Portland, OR (PRWEB) November 10, 2004
One out of every three couples now brings a child to their marriage. And about half of all Americans will at some point in their lives take part in stepfamily life.*
ÂStudies show that stepfamilies face the highest levels of stress and are more likely to split up during their early years,Â** says William Merkel, Ph.D., a clinical psychologist and co-author of the newly released book, "One Family, Two Family, New Family: Stories And Advice For Stepfamilies," which is a 2004 Gold National Parenting Publications Award winner.
ÂExpectations of a ÂBrady BunchÂ-style family where everyone has the same values and lifestyle can set stepfamilies up for failure, especially during the first few years,Â he says. New stepfamilies often have these ÂBrady BunchÂ expectations during the holiday season, he adds. ÂInstead of trying to behave a certain way, stepfamilies need to creatively and patiently create a life that suits their family members.Â
Seven years ago, Merkel and his life partner and co-author Lisa Cohn were determined to weather the first tumultuous years of stepfamily life when they made a commitment to each other. With their three children from previous marriages, they formed what they now call the ÂLiberated Stepfamily.Â
ÂWe want to liberate stepfamilies from the fantasy that they have to act like traditional, first-marriage families where Âall-for-one, one-for-allÂ is the mantraÂespecially during the holiday season,Â says Cohn, a writer whose work appears in national publications.
In their new book, they recount their experiences trying to unite CohnÂs urban, messy, health-food-centered lifestyle with MerkelÂs suburban, tidy, pizza-and-chocolate-flavored life.
Their efforts were fraught with conflict, emotion and surprises. But they continually sought creative ways to peacefully and respectfully co-exist, despite their different cultures and values.
The result is anything but conventional. In their book, they recount why they:
Â Keep separate refrigerators and checkbooks
Â Decorated the Christmas tree with a ÂhersÂ side--hand-painted eggs and popcorn strings--and a ÂhisÂ side--multi-colored, blinking lights and sparkling orbs and tinsel
Â Established different TV rules for ÂhisÂ kids and ÂherÂ kids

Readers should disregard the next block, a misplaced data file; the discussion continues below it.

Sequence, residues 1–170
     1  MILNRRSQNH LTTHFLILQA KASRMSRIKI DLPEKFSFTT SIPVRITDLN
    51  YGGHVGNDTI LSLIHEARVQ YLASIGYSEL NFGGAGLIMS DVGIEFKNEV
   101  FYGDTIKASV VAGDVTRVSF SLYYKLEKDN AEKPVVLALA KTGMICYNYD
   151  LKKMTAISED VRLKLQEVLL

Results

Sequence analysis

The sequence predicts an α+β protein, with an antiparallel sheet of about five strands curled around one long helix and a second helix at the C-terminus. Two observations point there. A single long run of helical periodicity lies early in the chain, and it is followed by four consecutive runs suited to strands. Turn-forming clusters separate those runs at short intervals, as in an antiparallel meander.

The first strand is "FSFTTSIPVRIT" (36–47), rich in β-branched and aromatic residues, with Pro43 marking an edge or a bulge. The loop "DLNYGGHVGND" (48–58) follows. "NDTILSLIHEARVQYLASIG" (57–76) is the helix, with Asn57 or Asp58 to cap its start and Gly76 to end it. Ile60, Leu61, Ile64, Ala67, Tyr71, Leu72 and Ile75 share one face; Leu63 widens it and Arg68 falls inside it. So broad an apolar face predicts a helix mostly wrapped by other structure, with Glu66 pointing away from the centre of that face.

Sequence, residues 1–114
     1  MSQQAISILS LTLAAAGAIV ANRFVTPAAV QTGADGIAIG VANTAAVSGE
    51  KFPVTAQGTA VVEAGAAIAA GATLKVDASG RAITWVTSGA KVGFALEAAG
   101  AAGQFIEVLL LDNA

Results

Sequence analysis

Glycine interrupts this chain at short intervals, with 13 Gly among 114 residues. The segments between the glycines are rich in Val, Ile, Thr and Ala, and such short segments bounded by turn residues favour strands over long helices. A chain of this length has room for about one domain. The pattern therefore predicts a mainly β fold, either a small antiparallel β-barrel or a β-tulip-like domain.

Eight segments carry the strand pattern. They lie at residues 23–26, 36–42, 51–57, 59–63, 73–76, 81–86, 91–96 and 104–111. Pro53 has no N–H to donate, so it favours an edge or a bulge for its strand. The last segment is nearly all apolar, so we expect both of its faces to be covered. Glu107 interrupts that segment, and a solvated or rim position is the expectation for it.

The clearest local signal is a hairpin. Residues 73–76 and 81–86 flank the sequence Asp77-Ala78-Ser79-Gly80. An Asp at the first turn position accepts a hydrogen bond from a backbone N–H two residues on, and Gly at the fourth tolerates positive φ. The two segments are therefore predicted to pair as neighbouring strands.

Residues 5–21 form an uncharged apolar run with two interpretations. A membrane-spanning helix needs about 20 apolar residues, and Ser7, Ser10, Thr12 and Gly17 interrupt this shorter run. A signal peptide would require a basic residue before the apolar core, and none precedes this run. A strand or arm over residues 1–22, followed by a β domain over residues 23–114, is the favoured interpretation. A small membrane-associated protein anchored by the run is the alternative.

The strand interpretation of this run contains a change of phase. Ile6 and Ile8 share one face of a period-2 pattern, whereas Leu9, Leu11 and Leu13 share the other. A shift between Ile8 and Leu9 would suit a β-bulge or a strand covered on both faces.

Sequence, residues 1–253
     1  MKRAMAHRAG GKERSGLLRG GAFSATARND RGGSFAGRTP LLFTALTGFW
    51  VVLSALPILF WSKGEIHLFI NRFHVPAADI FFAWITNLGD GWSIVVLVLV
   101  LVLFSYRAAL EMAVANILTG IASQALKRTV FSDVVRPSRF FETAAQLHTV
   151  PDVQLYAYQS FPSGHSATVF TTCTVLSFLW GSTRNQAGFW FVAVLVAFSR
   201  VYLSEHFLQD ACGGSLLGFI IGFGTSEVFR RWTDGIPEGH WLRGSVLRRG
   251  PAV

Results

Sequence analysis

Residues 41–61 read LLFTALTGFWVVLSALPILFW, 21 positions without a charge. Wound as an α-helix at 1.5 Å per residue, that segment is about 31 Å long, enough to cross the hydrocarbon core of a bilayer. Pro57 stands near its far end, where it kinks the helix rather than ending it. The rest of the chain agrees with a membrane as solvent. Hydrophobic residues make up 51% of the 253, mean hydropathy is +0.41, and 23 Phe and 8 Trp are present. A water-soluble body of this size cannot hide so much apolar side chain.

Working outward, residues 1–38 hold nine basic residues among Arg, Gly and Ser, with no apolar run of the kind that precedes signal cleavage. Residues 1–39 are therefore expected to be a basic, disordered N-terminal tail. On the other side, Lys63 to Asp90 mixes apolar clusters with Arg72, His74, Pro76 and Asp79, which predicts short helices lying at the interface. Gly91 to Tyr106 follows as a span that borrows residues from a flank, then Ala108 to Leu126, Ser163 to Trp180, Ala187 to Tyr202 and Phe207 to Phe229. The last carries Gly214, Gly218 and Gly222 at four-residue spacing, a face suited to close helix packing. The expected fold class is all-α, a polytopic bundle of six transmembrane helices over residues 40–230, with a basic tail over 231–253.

Â Invited their ex-spouses over for Christmas
Cohn and Merkel can share their experiences forming their stepfamily with the hope of helping others going through the same growing pains. They are available for interviews, as well as CohnÂs son, Travis, (15), their ÂoursÂ child, Ally (6), and CohnÂs ex-husband.
Cohn and Merkel advise adults creating a new stepfamily:
Â Clarify your role as stepparent: mom/dad, friend, aunt/uncle?
Â Examine and let go of your Âtraditional,Â first-marriage expectations.
Â DonÂt push to ÂblendÂ familiesÂlet it happen in its own time and let it take its own form.
Â Master the art of silence. You donÂt need to share all your negative feelings.
Â Make the superhuman effort to get along with your ex-spouse and your new spouseÂs ex.
Â Once a week, create a ÂLove BubbleÂ with your spouse. DonÂt talk about kids.
Â Stepdads: Follow MerkelÂs example and never give up on an unresponsive stepchild. Your efforts will be rewarded. ***
Â Stepmoms: Work hard to avoid the ÂGive-too-much-and-feel-resentfulÂ trap, especially during the holidays.
Lisa Cohn is an-award-winning writer whose stories about stepfamilies have appeared in the Christian Science Monitor, Mothering, Parenting, Brain, Child: The Magazine For Thinking Mothers, United Press International, Portland Tribune, iparenting.com, Your Stepfamily and other publications. Read her articles by visiting http://www.stepfamilyadvice.com.
William Merkel, Ph.D. is a psychologist who teaches at Providence Portland Medical Center and has a private practice. A former Associate Professor at Oregon Health Sciences University, he is a Fellow in the American Academy of Clinical Psychology and an Approved Supervisor in the American Association For Marriage and Family Therapy.
'One Family, Two Family, New Family: Stories and Advice for Stepfamilies" ( ISBN 1-883991749; list price $16.95) is published by RiverWood Books. For more information, visit the authorsÂ website, http://www.stepfamilyadvice.com.
- From Stepfamily Association of America
**About 60% of second marriages fail. Most second marriages fail during the early years of stepfamily life. It takes five to seven years for early tensions to abate in stepfamilies, according to three studies by E. Mavis Hetherington and others conducted 1989-2000: The Virginia Longitudinal Study of Divorce and Remarriage; The Hetherington and Clingempeel Study of Divorce and Remarriage; and The National Study of Nonshared Environment.
***Most stepfathers give up the struggle of connecting with resisting stepchildren after two years, according to the three Hetherington studies mentioned above.
Lisa Cohn, co-author,
Steve Scholl, RiverWood Books
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